The current market leader in the sector, in our view, is China Longyuan. Its portfolio is diversified geographically and it has a strong balance sheet after its share placement in 2012. We have therefore recently acquired a holding in the company for the IM WHEB Sustainability Fund. China Longyuan is less affected by grid curtailment issues than its competitors, but nonetheless we see improvements in the grid (helped by companies such as ABB, also held in the portfolio) as a key driver of the sector’s continued recovery.
Clare Brook is founding partner at WHEB Asset Management. For a fully referenced version of this article, see WHEB’s blog, where it originally appeared.
5 Eco-friendly Appliance Maintenance Tips
Modern day society is becoming ever more conscious about the effects of human consumption on the environment & the planet.
As a collective, more people are considering taking action to positively counteract their environmental footprint. This is accomplished by cutting down on water consumption, recycling and switching from plastic to more sustainable materials. Although most people forget about the additional things that can be done at home to improve your individual eco footprint.
Appliances, for example, can be overlooked when it comes to helping the environment, despite the fact they are items which are found in every household, and if they are not maintained effectively they can be detrimental to the environment. The longer an appliance is used, the less of an impact it has on the environment, so it is essential for you to keep them well maintained.
If you’re considering becoming more eco-conscious, here are 5 handy appliance maintenance tips to help you.
Don’t Forget to Disconnect From Power First
General maintenance of all your appliances start with disconnecting them from power; microwaves, washing machines and ovens all use residual energy when plugged in, so it’s essential to unplug them.
Disconnecting the plugs can help keep them in their best condition, as it ensures no electrical current is running through them whilst they are supposed to be out of use. Additionally, this can help you save on energy bills. By doing this you are minimising your energy footprint.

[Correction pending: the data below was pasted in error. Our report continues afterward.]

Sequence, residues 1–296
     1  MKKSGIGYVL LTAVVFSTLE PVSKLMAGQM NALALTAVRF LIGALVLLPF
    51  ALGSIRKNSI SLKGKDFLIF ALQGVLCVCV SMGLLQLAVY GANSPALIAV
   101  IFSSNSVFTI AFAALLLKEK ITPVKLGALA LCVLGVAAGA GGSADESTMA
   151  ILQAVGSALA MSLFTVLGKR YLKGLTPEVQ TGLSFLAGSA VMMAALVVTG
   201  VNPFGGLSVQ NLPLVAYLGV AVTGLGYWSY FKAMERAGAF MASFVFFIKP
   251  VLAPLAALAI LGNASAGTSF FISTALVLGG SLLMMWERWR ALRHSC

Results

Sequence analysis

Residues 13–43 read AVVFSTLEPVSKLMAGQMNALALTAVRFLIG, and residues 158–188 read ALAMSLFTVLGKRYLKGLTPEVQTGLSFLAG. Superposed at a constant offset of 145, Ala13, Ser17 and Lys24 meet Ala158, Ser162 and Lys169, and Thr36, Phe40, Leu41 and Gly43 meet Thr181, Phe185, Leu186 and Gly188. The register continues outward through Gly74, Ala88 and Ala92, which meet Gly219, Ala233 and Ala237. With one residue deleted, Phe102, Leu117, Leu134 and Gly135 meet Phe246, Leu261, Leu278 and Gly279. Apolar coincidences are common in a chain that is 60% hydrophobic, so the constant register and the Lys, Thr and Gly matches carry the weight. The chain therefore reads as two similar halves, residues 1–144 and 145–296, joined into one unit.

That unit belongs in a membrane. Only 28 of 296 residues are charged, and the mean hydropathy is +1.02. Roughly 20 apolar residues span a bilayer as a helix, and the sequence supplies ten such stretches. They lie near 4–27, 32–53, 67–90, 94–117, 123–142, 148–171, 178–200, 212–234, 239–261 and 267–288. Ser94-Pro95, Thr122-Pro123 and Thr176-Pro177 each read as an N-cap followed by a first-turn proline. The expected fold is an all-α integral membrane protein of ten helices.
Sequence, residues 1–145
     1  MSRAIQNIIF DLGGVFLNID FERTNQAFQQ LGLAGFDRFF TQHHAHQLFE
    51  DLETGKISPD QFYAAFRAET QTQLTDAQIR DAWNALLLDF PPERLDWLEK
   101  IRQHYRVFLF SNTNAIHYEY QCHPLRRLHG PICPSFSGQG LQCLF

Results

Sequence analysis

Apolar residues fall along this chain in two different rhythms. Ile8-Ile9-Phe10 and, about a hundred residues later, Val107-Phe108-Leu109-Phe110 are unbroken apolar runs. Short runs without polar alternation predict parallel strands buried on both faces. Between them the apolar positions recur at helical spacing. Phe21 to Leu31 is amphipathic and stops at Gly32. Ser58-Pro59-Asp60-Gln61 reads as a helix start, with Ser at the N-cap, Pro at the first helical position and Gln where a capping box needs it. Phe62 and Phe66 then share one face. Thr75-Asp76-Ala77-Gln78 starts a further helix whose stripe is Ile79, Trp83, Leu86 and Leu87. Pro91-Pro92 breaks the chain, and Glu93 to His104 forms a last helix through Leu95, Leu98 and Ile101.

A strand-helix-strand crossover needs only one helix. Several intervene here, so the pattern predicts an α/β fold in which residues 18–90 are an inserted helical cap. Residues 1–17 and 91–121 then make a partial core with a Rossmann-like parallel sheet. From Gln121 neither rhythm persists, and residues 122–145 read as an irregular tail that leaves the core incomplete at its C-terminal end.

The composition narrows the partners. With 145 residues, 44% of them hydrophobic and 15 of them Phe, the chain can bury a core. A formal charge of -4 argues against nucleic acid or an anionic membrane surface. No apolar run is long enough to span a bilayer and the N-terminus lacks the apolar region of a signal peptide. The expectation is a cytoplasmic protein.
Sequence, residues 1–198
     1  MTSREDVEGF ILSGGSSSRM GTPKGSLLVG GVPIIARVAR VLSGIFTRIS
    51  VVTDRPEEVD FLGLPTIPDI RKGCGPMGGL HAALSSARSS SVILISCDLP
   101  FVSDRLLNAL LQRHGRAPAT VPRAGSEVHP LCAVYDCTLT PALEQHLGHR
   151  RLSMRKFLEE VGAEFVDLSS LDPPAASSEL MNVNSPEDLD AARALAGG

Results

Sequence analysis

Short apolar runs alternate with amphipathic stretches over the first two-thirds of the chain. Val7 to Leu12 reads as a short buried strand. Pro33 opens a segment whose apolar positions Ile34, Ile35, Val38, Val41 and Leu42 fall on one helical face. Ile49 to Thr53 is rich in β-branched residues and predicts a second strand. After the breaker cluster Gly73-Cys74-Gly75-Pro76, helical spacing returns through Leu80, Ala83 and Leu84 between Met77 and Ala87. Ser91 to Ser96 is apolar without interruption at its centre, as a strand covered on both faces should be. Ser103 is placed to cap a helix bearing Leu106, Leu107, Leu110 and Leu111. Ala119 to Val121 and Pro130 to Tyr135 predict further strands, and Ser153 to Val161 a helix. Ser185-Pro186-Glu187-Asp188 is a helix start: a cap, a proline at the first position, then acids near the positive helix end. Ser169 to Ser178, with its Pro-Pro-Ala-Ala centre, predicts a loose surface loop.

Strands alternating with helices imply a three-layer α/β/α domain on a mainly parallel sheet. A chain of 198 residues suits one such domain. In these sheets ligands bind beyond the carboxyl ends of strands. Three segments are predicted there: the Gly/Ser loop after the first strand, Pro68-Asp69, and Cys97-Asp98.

Here we break down 4 tips to keep the most popular household appliances maintained.
Eco-Friendly Oven Maintenance
Ovens generally require very little maintenance, although it is essential to stay on top of cleaning.
A simple task to make sure you don’t have any issues in the future is to check the oven door has a tight seal. To do this ensure the oven is cold, open the oven door and use your hands to locate the rubber seal. You can now feel for any tears or breaks. If any have occurred simply replace the seal. More oven tips can be read here.
Eco-Friendly Refrigerator Maintenance
When keeping a fridge in good condition, don’t forget about exterior maintenance. Refrigerator coils, although an external fixture, can cause damage when overlooked.
Refrigerator coils can be found either at the front or rear of a fridge (check you user manual if you are unsure of its location). These tend to accumulate various sources of dust and dirt over a substantial time-period, which clog refrigerator coils, causing the refrigerator to have to work twice as hard to stay cool. An easy tip to solve this is to periodically use a vacuum to get rid of any loose dirt.
Eco-Friendly Washing Machine Maintenance
Most people tend to remember the basics tasks for maintaining a washing machine, such as not to overload the machine, not to slam the door and to ensure the washing machine is on a solid and level platform.
In addition, it is necessary to routinely do a maintenance wash for your washing machine. This means running an empty wash on the highest temperature setting and letting it complete a full wash to erase any build up and residue. You should repeat this task at least once a month.
Try to schedule this task around your bulk wash load times to save on water consumption.
This will help keep your washing machine in peak working condition.
Eco-Friendly Dishwasher Maintenance Tips
Dishwasher maintenance can be simple if implemented after every wash cycle.
To keep your best dishwasher hygiene standards, scrape away excess food whilst making sure to keep the filter at the bottom of the cavity empty between cycles. This simple task can be highly effective at preventing food build up from occurring in your dishwasher.
If you need additional tips or tasks you, can reference your manufacturer’s guidebook to check for a full breakdown. You can also head to Service Force’s extensive database of repair and maintenance manuals – including extensive troubleshooting guides for all of the critical appliance maintenance procedures.
In conclusion, you can save both money and energy by keeping your appliances in peak condition. The steps outlined in this guide will help us all preserve the environment and reduce industrial waste from discarded appliances.
Two Ancient Japanese Philosophies Are the Future of Eco-Living